When I saw this story in the Oregonian, I thought the journalist had taken some liberties with the story. He wrote:
Noting a recent spate of anti-Semitic “hate incidents” in the Portland area, Democratic U.S. Sens. Ron Wyden and Jeff Merkley have introduced legislation to clamp down on hate speech and prejudice-fueled attacks.
But then I found similar wording on Senator Jeff Merkley’s official website:
Washington, D.C. – Following a national surge in hate crimes, Oregon’s U.S. Sens. Ron Wyden and Jeff Merkley joined Democratic legislators in the House and Senate to introduce legislation that would strengthen federal laws combatting hate speech, threats and attacks….
“Americans of all faiths and ethnic backgrounds have time and again spoken out to warn that hateful rhetoric fuels and emboldens a culture of intimidation and violence,” Wyden said. “That truth proved out yet again in the recent election cycle, which was characterized by animosity toward racial, ethnic and religious groups. As Americans, we must stand up against harassment, intimidation and attacks on people in Oregon and across this country based on their race, religion, ethnicity, gender, gender identity and other personal characteristics.”
I’m not an attorney, but I’m fairly certain that there are already laws on the books against incitement to violence, so I don’t think he’s talking about that. There have been attempts to criminalize “hate speech“:
Since the 1980s, a number of laws have been passed that attempt to regulate or ban “hate speech,” which is defined as utterances, displays, or expressions of racial, religious, or sexual bias. The U.S. Supreme Court has generally invalidated such laws on the ground that they infringe First Amendment rights. In R.A.V. v. City ofSt. Paul, 505 U.S. 377, 112 S. Ct.2538, 120 L. Ed. 2d 305 (1992), the Court invalidated the city of St. Paul’s hate-crime ordinance, ruling that it unconstitutionally infringed free speech. The defendant in that case had been prosecuted for burning a cross on the lawn of an African-American family’s residence.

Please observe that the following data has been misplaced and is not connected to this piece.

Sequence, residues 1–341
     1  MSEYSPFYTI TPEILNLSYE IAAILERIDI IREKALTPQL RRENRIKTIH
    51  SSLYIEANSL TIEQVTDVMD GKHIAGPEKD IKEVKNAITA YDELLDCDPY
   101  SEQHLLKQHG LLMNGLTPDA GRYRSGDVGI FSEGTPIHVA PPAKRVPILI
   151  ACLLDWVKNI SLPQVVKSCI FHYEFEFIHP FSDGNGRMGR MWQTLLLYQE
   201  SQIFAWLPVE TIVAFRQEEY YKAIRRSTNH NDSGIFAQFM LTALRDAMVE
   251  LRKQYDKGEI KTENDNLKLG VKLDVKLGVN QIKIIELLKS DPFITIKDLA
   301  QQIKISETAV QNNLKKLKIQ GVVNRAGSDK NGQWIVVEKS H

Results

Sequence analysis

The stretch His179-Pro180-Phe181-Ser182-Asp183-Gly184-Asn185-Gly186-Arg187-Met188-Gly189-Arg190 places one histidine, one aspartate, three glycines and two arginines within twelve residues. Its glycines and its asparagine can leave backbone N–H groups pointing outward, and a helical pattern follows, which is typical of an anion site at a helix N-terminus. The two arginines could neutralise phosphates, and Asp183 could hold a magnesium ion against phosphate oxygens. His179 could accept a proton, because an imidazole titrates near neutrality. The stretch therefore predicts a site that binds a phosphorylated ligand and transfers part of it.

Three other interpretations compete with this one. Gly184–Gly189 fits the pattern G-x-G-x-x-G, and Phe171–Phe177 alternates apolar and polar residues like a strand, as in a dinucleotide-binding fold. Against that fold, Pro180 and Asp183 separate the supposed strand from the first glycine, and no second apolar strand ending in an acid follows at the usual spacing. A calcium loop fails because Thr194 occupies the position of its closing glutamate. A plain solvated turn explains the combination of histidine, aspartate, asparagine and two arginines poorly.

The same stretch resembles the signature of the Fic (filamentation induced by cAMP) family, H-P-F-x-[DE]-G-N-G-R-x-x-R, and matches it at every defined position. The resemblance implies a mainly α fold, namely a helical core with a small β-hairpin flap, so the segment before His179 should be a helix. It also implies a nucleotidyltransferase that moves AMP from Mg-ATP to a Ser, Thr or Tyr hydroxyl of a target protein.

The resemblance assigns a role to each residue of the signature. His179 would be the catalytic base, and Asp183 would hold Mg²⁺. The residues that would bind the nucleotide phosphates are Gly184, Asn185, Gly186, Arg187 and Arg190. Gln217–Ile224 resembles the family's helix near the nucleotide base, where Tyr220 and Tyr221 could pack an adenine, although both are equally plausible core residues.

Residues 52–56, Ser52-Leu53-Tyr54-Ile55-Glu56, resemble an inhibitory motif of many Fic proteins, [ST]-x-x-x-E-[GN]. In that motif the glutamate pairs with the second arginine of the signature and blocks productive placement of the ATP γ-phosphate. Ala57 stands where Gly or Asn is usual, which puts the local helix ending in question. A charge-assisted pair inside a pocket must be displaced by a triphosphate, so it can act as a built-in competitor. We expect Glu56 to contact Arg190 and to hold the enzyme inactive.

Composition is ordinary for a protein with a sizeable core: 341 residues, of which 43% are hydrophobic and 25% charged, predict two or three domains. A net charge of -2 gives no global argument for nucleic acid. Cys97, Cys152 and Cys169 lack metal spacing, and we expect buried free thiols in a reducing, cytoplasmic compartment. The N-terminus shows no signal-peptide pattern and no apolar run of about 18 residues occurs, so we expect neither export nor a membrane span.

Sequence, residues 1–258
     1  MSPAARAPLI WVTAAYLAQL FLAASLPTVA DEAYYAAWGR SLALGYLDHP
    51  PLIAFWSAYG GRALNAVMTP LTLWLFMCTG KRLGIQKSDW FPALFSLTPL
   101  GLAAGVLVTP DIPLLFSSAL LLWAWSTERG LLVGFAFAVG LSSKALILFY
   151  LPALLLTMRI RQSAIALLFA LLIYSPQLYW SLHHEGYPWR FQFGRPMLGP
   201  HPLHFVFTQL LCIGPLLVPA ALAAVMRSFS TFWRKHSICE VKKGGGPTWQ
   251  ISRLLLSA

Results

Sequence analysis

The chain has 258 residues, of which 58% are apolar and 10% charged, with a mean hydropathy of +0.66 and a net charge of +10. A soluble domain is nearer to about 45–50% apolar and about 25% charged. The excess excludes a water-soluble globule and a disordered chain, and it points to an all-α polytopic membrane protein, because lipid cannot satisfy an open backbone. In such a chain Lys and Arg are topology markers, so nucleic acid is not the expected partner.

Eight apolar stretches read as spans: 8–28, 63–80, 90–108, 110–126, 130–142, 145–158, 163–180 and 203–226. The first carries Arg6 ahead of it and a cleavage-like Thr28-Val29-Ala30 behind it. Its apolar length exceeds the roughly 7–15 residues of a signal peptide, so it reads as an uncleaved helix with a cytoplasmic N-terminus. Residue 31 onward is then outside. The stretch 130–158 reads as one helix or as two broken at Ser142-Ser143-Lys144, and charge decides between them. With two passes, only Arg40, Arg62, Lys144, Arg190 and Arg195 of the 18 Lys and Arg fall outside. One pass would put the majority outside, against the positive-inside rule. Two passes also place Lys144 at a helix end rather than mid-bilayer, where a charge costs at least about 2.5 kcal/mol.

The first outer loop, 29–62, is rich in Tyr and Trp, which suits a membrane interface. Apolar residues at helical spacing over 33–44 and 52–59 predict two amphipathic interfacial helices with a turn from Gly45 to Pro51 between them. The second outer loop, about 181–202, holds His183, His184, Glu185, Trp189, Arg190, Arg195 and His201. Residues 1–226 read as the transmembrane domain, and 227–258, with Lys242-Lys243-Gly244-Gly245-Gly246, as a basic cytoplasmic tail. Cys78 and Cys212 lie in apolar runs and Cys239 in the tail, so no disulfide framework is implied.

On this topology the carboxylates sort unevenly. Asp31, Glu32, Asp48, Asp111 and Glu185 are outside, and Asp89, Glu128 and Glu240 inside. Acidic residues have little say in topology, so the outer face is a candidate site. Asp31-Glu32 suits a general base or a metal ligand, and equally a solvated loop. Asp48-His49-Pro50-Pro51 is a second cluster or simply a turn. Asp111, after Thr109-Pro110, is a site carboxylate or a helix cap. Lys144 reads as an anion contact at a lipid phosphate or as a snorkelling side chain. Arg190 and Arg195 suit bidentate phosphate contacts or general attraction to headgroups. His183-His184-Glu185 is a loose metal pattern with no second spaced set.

As Leftists love to say, “history matters,” and the history of attacks against “hate-speech” has been almost exclusively out of concern for those who are not white, straight males. Rarely are bias crimes prosecuted as such if the victim is not of a “protected group,” and one of the main organizations that promotes the concept of “hate speech” as a quasi-crime is the SPLC (cited in Merkley’s website).
Perhaps the senators can be forgiven for being unaware of the true nature of the SPLC, but they should certainly have been aware of the contents of the Constitution, which they made an oath to uphold upon assuming office. Freedom of speech is, arguably, the most precious thing that sets the United States apart from most of the rest of the world. Just recently, the United States accepted the asylum request of a teen blogger from Singapore. He had served jail time there for criticizing the government, and for “wounding the religious feelings” of Christians and Muslims.
It wouldn’t take a great leap of imagination to define the teen blogger’s words as “hate speech.” If Wyden and Merkley have their way, which country would grant asylum to American bloggers accused of “hate speech?”